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‘On My Birthday, July 21’: A Poem by Matthew Prior

In this poem, Prior (1664-1721) takes his birthday (July 21) as an opportunity to chastise the woman he loves for treating him with ‘scorn’ and denying him. A birthday poem that is also a love poem, albeit one about thwarted love, ‘On My Birthday, July 21’ is the latest in our ‘post a poem a day’ series.

On My Birthday, July 21

I, my dear, was born to-day—
So all my jolly comrades say:
They bring me music, wreaths, and mirth,
And ask to celebrate my birth:
Little, alas! my comrades know
That I was born to pain and woe;
To thy denial, to thy scorn,
Better I had ne’er been born:
I wish to die, even whilst I say—
‘I, my dear, was born to-day.’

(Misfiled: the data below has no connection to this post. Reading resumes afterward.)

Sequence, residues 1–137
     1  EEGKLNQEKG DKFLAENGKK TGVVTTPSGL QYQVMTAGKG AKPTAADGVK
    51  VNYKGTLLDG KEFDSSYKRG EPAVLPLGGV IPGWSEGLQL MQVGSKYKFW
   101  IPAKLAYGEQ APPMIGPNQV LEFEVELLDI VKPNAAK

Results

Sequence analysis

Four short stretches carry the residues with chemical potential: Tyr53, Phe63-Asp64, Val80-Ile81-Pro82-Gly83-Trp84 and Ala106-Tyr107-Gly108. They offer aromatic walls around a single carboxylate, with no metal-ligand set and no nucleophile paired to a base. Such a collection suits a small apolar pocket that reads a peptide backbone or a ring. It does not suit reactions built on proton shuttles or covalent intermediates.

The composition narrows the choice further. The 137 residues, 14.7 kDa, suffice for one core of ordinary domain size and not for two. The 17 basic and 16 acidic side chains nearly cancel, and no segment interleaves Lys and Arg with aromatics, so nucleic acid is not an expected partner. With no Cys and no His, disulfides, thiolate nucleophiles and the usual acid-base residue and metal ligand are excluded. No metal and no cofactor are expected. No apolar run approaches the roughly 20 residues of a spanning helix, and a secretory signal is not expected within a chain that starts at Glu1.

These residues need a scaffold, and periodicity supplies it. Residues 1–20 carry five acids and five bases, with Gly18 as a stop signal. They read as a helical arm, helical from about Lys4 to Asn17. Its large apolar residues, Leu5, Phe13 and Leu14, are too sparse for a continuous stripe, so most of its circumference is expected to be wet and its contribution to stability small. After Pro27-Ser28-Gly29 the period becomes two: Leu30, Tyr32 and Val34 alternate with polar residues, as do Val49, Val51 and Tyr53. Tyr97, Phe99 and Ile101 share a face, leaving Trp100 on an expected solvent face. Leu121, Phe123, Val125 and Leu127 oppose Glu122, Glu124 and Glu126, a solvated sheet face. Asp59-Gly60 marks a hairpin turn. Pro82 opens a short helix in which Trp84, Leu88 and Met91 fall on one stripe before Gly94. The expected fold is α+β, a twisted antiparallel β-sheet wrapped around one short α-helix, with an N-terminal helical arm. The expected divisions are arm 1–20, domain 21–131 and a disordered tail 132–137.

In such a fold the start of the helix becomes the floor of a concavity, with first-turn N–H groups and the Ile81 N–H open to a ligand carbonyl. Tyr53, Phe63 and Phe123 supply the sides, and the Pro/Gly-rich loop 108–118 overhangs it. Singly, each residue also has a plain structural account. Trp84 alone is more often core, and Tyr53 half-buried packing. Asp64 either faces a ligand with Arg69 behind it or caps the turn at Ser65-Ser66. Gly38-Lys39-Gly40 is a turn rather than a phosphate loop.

I, my dear, was born to-day:
Shall I salute the rising ray,
Well-spring of all my joy and woe?
Clotilda, thou alone dost know.
Shall the wreath surround my hair?
Or shall the music please my ear?
Shall I my comrades’ mirth receive,
And bless my birth, and wish to live?
Then let me see great Venus chase
Imperious anger from thy face;
Then let me hear thee smiling say—
‘Thou, my dear, wert born to-day.’

If you enjoyed ‘On My Birthday, July 21’, you might also like Christina Rossetti’s ‘A Birthday’.

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About interestingliterature

A blog dedicated to rooting out the interesting stuff about classic books and authors.

Posted on January 5, 2019, in Literature and tagged , , , . Bookmark the permalink. 1 Comment.

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